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January 07, 2019


There was a lot to digest in the Office Guidance, but at the end of the day I see only a modest pullback and those examiners wanting to use the weapon of 101 will continue to do so (primarily because the Office attempted to include the mess of contradictory cases without taking a stand to actually resolve any of the contradictions.

A couple of examples:

The pull back due to the Berkheimer effect and the plain fact that examine to show “conventional” is far more daunting than the usual requirement to show anticipation or even obviousness (the new Prong One) remains mired with the inclusion in the Prong Two protocol of cases that would simply be overturned with Prong One IF Prong One were actually used and stopped there.

The Prong Two contradiction between maintaining exclusions of “in a particular technical area” AND concomittantly trying to introduce a “particular application is good enough” protocol - these two are mutually exclusive and any attempt to maintain both achieves neither.

The Office flat out stated that the state of Common Law is contradictory.

Flat out states this.

As noble as the attempt is to try to take a step out of the process of making Common Law themselves (as has been noted — by the CAFC itself — application of the “gift” from the Supreme Court’s Alice/Mayo Two Step IS engaging in writing law through the Common Law process); one cannot state that the current state of law is contradictory, and then turn around and try to incorporate both sides of the contradiction into the new protocol.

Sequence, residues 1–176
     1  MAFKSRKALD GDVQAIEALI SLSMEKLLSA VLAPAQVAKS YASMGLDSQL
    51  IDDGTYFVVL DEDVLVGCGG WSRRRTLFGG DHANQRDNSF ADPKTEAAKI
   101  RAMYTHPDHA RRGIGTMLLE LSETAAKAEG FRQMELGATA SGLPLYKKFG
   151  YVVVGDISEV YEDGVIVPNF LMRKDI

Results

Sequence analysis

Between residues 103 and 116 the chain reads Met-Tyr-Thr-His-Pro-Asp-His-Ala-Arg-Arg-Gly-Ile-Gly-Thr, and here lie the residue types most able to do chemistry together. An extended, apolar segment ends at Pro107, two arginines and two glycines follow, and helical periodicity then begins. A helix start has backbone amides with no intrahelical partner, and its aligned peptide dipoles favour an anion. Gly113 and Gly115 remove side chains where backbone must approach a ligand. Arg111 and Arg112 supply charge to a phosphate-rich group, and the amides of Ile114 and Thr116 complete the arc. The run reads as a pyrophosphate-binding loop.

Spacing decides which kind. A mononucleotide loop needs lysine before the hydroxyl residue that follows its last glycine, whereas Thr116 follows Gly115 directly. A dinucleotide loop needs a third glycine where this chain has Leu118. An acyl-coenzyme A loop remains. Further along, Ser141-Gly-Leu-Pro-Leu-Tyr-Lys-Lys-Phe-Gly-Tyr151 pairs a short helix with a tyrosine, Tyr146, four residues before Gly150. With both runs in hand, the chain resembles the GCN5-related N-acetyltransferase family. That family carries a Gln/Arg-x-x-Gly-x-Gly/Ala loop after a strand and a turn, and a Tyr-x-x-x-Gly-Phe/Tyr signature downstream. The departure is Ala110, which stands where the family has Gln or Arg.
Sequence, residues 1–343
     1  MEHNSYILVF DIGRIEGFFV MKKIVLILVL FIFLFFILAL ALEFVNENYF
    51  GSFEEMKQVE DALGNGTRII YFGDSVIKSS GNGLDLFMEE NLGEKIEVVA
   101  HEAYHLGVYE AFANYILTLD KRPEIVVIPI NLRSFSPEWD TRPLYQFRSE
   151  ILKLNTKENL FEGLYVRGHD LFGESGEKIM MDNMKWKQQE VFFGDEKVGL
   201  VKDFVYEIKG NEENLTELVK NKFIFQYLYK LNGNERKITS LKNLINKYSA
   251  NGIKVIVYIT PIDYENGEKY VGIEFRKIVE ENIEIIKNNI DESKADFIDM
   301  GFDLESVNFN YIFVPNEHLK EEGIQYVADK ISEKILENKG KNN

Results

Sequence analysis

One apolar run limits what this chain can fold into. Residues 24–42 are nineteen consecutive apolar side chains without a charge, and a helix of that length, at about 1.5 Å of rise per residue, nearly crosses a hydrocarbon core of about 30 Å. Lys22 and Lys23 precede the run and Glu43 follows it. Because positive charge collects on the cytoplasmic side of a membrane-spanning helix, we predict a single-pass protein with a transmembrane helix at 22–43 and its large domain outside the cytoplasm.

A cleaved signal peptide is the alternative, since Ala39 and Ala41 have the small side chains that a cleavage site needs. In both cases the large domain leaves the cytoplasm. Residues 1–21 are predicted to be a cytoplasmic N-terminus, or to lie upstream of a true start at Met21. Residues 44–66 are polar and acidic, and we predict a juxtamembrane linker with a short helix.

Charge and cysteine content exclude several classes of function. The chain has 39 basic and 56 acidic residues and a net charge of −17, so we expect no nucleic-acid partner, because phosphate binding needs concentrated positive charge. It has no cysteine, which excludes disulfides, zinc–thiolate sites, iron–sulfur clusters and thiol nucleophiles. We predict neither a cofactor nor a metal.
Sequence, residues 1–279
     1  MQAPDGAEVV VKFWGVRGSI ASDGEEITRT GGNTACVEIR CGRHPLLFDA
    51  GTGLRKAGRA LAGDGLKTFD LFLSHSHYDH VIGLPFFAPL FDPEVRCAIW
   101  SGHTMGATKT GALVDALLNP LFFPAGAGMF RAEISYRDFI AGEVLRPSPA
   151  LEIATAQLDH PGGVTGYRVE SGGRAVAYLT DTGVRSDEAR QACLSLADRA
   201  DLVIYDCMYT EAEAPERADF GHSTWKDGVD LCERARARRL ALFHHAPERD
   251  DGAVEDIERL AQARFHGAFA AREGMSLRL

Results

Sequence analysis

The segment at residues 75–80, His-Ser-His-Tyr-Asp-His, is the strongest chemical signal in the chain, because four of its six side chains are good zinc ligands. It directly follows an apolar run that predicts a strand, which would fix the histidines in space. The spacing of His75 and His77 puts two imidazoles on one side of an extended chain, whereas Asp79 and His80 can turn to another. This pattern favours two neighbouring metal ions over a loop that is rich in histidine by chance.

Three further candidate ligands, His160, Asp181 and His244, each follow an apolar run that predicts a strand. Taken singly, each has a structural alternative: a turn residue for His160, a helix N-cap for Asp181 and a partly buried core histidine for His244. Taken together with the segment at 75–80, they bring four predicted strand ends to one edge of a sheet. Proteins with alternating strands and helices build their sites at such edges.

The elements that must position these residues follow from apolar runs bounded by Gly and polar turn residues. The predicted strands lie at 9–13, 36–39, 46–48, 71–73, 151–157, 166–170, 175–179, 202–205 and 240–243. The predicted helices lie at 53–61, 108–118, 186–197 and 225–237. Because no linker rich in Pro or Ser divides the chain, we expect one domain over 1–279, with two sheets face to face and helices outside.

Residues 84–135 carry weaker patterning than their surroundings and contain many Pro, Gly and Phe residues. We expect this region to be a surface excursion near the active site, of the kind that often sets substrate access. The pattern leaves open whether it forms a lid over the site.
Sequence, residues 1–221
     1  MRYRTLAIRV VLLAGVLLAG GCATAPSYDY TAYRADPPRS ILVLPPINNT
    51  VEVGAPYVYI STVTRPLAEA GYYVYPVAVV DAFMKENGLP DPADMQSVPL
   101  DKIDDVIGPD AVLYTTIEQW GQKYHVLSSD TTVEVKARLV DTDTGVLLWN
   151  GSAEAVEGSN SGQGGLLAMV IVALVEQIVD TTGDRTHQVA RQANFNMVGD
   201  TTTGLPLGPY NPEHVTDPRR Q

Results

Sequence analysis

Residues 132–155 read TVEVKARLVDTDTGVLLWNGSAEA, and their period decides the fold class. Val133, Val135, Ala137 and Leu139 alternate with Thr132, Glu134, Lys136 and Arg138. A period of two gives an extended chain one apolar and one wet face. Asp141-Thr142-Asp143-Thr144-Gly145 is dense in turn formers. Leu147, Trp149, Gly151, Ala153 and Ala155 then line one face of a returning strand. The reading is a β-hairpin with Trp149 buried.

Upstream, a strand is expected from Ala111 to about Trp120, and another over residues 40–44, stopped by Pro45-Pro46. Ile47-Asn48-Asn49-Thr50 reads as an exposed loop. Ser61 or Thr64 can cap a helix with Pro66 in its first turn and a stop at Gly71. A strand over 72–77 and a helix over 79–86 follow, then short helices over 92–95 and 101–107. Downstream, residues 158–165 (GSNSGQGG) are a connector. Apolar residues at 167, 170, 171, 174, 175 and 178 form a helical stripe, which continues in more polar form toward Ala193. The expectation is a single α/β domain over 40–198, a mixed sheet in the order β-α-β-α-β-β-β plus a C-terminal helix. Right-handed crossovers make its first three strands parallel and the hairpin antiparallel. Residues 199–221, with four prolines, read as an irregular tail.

On another blog it was noted a recent Supreme Court comment, in a case completely untethered to direct issues of patent law, and made in relation to a potential willingness by the Supreme Court to throw out its own prior precedence.

Justice Cavanaugh in the oral arguments of the Franchise Tax Board of California v. Hyatt case provided (from the write-up at SCOTUSBLOG):

"Kavanaugh was skeptical. In his view, strict adherence to that changed-circumstances principle would have prevented many past overrulings. Instead, Kavanaugh suggested, overruling is proper when a precedent is “egregiously wrong,” has “severe practical consequences,” and generates “no reliance.”

Given that even now with the latest attempt by the Executive branch to put forth protocol to apply the common law as written by the courts (and in small part, by the executive branch itself), these three factors remain on the table, one had to wonder if the Court will extract itself from its own Gordian Knot by simply making the entire knot disappear.

Personally, I am, well, skeptical, that the Court can overcome its addiction to legislating from the bench in the policy area of innovation protection. The addiction to wax nose mashing is simply too powerful.

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